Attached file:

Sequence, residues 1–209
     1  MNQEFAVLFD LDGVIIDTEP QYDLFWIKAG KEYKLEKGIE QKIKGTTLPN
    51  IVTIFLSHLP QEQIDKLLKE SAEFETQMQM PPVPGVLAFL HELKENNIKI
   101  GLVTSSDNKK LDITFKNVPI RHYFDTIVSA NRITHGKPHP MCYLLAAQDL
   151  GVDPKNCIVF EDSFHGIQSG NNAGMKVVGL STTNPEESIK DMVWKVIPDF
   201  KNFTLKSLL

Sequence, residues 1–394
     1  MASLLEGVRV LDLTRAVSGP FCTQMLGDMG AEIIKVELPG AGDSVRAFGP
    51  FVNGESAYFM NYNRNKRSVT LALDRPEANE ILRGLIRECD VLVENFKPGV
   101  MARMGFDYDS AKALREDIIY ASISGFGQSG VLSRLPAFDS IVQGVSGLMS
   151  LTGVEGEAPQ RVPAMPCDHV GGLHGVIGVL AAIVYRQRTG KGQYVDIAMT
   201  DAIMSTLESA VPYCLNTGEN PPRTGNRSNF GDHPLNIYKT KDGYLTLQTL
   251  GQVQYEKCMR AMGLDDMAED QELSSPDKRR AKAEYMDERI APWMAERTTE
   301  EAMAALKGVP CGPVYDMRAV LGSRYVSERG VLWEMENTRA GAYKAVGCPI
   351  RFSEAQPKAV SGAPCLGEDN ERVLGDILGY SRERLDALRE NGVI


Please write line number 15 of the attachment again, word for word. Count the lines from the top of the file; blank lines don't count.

   351  RFSEAQPKAV SGAPCLGEDN ERVLGDILGY SRERLDALRE NGVI